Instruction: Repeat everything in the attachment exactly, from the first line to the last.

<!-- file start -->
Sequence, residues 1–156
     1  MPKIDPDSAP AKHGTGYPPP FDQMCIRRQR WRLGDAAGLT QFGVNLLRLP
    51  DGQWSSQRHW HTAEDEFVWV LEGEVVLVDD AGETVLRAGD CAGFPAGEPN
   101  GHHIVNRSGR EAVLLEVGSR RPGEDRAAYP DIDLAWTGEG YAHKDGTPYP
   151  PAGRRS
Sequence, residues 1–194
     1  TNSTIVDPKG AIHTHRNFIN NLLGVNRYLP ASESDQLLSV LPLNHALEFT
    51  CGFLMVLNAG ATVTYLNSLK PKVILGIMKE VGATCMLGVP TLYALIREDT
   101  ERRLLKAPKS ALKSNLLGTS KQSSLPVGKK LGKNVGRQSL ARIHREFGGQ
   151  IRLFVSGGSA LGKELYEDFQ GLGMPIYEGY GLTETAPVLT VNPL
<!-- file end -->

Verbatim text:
Sequence, residues 1–156
     1  MPKIDPDSAP AKHGTGYPPP FDQMCIRRQR WRLGDAAGLT QFGVNLLRLP
    51  DGQWSSQRHW HTAEDEFVWV LEGEVVLVDD AGETVLRAGD CAGFPAGEPN
   101  GHHIVNRSGR EAVLLEVGSR RPGEDRAAYP DIDLAWTGEG YAHKDGTPYP
   151  PAGRRS
Sequence, residues 1–194
     1  TNSTIVDPKG AIHTHRNFIN NLLGVNRYLP ASESDQLLSV LPLNHALEFT
    51  CGFLMVLNAG ATVTYLNSLK PKVILGIMKE VGATCMLGVP TLYALIREDT
   101  ERRLLKAPKS ALKSNLLGTS KQSSLPVGKK LGKNVGRQSL ARIHREFGGQ
   151  IRLFVSGGSA LGKELYEDFQ GLGMPIYEGY GLTETAPVLT VNPL